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Introducing Nasi Melayu (Malay Cooking)

As a Malaysian food blog, I really haven’t done a good job in introducing my readers about Malay-style cooking, which is essentially the main cuisine type in Malaysia as the ethnic Malays make up about 2/3 of Malaysia’s total population. So, today, I am going to introduce you to Nasi Melayu (literally means “Malay rice”) or the cooking of the Malays in Malaysia.

This rice plate of “Nasi Melayu” pretty much sums up the essence of Malay cooking–spicy, fiery, and lots of mouthwatering variety. The dishes (from closewise) are: fried fish in spicy sauce, sambal udang (prawn sambal), sweet and sour egg, fried tofu with turmeric and bean sauce, okra in sambal, and ulam (Malay-style salad with sambal belacan). There are definitely more to Malay cooking than those that meet your eyes here, for example, the famous Malay beef rendang. There are also many other wonderful chicken, vegetables, fish, rice and noodles dishes. I simply adore Malay cooking. It’s colorful and absolutely delicious–one of the staple cuisines enjoyed by many Malaysians, regardless of our race, religion, or origins…

Nasi Melayu can be easily found at roadside stalls or hawker centers all over Malaysia. There are also restaurants selling various kinds of Malay dishes. At these stalls or restaurants, a diner usually gets a plate of steamed white rice and selects the dishes to go with the rice. (This is also known as “Nasi Campur” or mixed rice locally.) The total price of the rice plate depends on the quantity and the kind of dishes you order. There are also many popular Malay “Tomyam” food stalls selling made-to-order rice dishes. In this case, the foods served are influenced by Thailand, for example: various kinds of Tomyam (Tom Yum), Nasi Pattaya, Nasi Paprik, etc. (“Nasi” means rice in Malay language.)

In the near future, I hope to share more Malay-style cooking with you on Rasa Malaysia. For now, please let me know if this rice plate whets your virtual appetite. *wink*

33 COMMENTS... read them below or add one

  1. Salt N Turmeric

    Im gonna faint looking at the pic. You are torturing me! But seriously, i would do exactly like you did. Put at least 5-6 dishes on my plate on top of the white rice.

    p.s. Thanks for the link again. ;)

  2. Mei Del

    and of course healthier than your usual hawker fare because none of the dishes here would have been cooked using lard

  3. worldwindows

    There is a traditional Malay eatery just below my office. One and only in a 3 mile radius. Its Malay not Mamak. The Ulam/Salad with its slightly sweet, sour and spicy sauce and pep up with cincaluk is the best. The lontong, Malay laksa ….

  4. Manggy

    If the dishes look as good as this (which I have no doubt), then I’m super looking forward to seeing more Malay food here!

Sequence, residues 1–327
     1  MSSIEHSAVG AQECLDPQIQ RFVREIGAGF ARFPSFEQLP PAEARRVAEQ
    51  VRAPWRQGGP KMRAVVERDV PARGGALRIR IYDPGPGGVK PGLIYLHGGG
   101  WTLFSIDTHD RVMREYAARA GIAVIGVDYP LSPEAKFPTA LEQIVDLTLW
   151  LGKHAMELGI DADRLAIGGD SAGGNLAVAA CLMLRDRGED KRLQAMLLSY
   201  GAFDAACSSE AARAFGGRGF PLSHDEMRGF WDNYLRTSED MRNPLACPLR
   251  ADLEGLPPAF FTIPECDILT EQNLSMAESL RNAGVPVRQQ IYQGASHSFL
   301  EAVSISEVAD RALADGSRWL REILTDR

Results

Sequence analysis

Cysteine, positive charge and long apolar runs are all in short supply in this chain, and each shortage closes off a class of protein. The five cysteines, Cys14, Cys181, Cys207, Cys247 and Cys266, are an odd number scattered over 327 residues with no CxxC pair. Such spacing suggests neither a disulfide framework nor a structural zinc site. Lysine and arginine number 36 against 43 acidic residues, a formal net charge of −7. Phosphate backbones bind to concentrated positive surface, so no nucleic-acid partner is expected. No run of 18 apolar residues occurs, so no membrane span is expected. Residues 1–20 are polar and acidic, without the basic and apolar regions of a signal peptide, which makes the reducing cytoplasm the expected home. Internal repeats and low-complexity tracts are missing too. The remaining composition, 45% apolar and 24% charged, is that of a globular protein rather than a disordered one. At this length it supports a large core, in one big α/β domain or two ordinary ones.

Hmm, “ulam” in Filipino means any viand to go with rice.

  5. judyfoodie


    Great blog, love it!

    I’ve been reading your blog for awhile now and thought it was high time I commented. The pictures you take are really nice and make me want to go off and eat hawker food.

    ~ judyfoodie

  6. gkbloodsugar

    It’s always nice to see something new, and to learn about native foods.

    Malay certainly is colourful!

  7. Love_at_first_bite

    That looks so good Bee! It makes me sad because I’m getting my wisdom teeth out tomorrow and I know it will be a while before I can eat real food again. Think you could send me some Nasi Melayu as soon as I can chew again =)?

  8. tigerfish

    Ever since I return, I have been eating this most frequently whenever I am outside. One of my all-time fav is spicy tempeh with bits of long beans…so yummy! Then ask the stall owner to give me curry gravy on my rice…..I am so satisfied!

  9. Kate / Kajal

    Bee this plate looks wonderful.its got Okro, Shrimp, tofu, fish ..everything. Its such a wholesome meal, amd full of flavour and colours. You’ve really tempted me with this visual treat girl :)

  10. Anonymous

    dear bee, i am a longtime malay reader and you do us malaysians proud with your blog and deft ‘air tangan’ with local cuisine! one thing you forgot to mention… malay food may also be eaten by HAND (the right one of course, and with a good wash of soap before and after!) though you can never tell with the sambals… the pungent scents can stick to the fingers hours after a good malay meal even after a scrubbing. love, delia xoxoxo

    • Terima kasih. I applaud your goal of setting up Melayu Boleh blog. Kalau ada jumpa blog mengenai makanan Malaysia, rengkapi dengan teknik fotografi dan tulisan yang bagus, sila beritahu. Saya mungkin boleh jemput sebagai guest writer blog saya.

  11. Farid


    Realy feel hungry with this photo. However just wanna to correct something, it is not Nasi Melayu but Nasi Campur by Melayu. Nasi Campur is the most popular menu in Malaysia and enjoyed bu Malay, Chinese, Indian and others……….

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